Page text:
In 1741, Empress Elizabeth, daughter of the great reformer Peter the Great, ascended the Russian throne. And 7 years later, the famous Russian scientist Mikhail Vasilyevich Lomonosov wrote an ode dedicated to Elizabeth, in which he praised the ruler and expressed confidence that her reign would be no less famous than the times of Peter.
Flattered by such praise from Lomonosov, Elizabeth gave him a truly royal gift - 2, 000 rubles, which for the middle of the eighteenth century was a huge amount. For example, a pood of wheat at that time cost 64 kopecks. But, the whole point is that at the time of Elizabeth it was not yet accepted to use paper banknotes, they appeared in Russia only 20 years later, therefore, Lomonosov received his literary fee in copper money.
At that time, there were about 900 grams of copper coins per ruble, therefore, the weight of the Lomonosov prize was no less impressive than the royal favor itself - 1, 800 kg. Almost two tons. Therefore, the scientist faced a problem - how to bring home this, literally, a huge amount of money? I had to hire several carts to deliver the cargo to Vasilievsky Island, where he then lived.
By the way, in the seventies, already under Catherine II, they tried to produce copper rubles, called "sestroretsk", as they were made at the Sestroretsk mint. But, such a novelty could not cause delight in the country in any way, since the weight of one such "coin" ranged from 888 to 1024 g and had a diameter of 76 mm. Carrying them in your pocket was problematic! But there was clearly not enough gold and silver in the country to organize the mass production of coins from precious metals.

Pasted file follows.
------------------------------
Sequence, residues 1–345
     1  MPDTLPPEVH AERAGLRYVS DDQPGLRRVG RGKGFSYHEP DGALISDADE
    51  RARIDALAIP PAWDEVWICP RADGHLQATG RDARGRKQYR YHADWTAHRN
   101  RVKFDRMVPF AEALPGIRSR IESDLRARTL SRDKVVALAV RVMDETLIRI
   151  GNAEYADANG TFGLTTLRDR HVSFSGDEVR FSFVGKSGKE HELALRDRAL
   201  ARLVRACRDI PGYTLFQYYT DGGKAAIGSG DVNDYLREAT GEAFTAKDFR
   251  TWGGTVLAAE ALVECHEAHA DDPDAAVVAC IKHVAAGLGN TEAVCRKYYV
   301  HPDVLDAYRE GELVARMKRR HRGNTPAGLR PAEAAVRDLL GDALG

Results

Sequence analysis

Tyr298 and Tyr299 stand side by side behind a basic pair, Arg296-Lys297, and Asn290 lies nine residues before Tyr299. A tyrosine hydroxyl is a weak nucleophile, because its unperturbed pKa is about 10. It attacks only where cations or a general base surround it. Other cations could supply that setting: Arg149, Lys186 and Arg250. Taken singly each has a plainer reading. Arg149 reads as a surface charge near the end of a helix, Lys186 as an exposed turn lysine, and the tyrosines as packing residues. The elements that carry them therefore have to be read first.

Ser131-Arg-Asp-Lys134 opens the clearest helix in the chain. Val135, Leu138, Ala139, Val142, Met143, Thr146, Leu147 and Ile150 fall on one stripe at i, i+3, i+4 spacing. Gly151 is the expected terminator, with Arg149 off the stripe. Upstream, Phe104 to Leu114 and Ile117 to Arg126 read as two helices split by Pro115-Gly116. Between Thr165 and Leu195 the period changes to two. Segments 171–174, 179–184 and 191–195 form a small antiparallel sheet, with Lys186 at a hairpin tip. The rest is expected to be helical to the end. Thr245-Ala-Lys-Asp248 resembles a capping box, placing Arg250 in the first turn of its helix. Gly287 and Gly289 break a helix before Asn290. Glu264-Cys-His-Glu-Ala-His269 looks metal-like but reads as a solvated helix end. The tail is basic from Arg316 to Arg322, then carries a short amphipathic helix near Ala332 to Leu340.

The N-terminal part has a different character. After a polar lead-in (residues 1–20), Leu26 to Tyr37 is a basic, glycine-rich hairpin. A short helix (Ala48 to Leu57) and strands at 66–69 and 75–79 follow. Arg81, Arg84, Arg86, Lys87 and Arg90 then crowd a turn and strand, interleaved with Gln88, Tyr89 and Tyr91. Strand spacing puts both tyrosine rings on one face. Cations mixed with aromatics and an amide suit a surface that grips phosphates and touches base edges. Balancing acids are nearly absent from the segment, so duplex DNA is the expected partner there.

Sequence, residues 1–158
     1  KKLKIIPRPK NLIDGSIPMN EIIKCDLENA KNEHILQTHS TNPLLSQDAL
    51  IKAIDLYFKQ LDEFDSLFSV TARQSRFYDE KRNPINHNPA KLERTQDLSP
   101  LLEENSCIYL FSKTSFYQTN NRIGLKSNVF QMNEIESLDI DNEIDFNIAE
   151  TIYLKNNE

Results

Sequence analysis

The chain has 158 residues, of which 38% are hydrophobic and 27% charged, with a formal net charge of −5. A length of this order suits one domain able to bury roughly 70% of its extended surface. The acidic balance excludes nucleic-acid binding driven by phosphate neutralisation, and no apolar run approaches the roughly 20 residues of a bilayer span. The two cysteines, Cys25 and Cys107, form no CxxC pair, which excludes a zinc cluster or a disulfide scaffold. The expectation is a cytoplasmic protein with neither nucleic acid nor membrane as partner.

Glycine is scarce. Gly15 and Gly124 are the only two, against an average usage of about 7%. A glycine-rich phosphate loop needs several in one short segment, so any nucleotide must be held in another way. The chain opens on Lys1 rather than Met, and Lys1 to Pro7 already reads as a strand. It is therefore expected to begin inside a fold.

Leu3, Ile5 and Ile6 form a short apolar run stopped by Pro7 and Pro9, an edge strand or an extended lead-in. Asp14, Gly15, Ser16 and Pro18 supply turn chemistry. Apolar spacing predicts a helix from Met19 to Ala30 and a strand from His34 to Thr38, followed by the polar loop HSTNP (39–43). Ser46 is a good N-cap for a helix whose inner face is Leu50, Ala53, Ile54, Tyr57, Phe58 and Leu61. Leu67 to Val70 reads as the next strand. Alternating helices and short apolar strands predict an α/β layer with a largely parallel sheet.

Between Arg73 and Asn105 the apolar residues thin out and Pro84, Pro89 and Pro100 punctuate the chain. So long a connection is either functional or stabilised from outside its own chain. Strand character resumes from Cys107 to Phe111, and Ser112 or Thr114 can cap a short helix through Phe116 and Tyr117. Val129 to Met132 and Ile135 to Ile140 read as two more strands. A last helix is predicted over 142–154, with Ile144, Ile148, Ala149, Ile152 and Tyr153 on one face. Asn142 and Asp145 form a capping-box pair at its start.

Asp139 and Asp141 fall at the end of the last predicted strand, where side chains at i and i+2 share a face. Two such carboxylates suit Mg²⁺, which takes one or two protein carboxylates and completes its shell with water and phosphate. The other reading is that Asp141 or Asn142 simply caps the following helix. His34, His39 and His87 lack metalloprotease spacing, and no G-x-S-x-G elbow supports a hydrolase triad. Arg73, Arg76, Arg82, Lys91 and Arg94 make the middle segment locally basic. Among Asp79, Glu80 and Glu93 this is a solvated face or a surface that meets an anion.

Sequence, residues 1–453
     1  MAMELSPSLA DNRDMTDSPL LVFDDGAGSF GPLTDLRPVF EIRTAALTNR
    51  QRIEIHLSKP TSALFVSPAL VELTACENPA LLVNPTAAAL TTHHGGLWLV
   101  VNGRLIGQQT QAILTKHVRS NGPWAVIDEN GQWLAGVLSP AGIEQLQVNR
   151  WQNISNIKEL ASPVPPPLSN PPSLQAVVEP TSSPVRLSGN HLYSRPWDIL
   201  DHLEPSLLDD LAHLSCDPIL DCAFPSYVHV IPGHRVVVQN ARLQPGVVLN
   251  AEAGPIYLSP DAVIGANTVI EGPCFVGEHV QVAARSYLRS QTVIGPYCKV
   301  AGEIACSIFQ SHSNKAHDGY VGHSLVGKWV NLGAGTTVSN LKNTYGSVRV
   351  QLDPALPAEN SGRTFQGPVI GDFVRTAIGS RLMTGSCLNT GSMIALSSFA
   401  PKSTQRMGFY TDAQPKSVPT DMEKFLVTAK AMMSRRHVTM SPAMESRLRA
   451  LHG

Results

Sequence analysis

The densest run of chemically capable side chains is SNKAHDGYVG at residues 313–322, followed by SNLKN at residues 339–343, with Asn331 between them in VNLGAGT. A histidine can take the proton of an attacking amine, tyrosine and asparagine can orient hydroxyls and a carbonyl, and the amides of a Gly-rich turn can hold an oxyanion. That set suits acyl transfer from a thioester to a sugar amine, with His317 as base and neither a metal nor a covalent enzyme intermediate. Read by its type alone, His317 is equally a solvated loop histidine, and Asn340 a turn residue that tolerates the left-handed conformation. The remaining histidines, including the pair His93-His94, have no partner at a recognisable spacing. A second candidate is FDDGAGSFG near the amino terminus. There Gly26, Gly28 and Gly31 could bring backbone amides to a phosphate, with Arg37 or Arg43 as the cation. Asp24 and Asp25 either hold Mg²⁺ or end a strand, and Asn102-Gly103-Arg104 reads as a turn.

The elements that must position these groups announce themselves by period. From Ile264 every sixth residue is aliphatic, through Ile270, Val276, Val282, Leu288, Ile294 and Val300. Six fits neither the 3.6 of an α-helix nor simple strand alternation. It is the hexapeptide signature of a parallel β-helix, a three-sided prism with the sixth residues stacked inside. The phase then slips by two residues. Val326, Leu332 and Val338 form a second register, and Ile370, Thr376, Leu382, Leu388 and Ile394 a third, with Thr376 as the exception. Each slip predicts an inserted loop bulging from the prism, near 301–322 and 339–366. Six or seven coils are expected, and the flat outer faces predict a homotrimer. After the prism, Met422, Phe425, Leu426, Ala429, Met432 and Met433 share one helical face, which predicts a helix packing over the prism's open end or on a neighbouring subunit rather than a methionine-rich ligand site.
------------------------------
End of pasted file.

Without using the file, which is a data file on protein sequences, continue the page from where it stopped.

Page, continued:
It is not surprising that on December 29, 1768, Catherine II issued a Manifesto, according to which paper notes were put into circulation in Russia in order to replace inconvenient copper money with light notes. True, these banknotes were, rather, bank receipts: anyone could exchange them for coins made of metal, the state at first strictly monitored that all banknotes in circulation were provided with a hard coin, as metal money was then called.
Gradually, paper notes were less and less supported by precious metals, which caused their depreciation. But the Sestroretsk ruble not only preserved, but also significantly increased its value: a few years ago, one of the surviving copies went to auction for 50, 000 Swiss francs.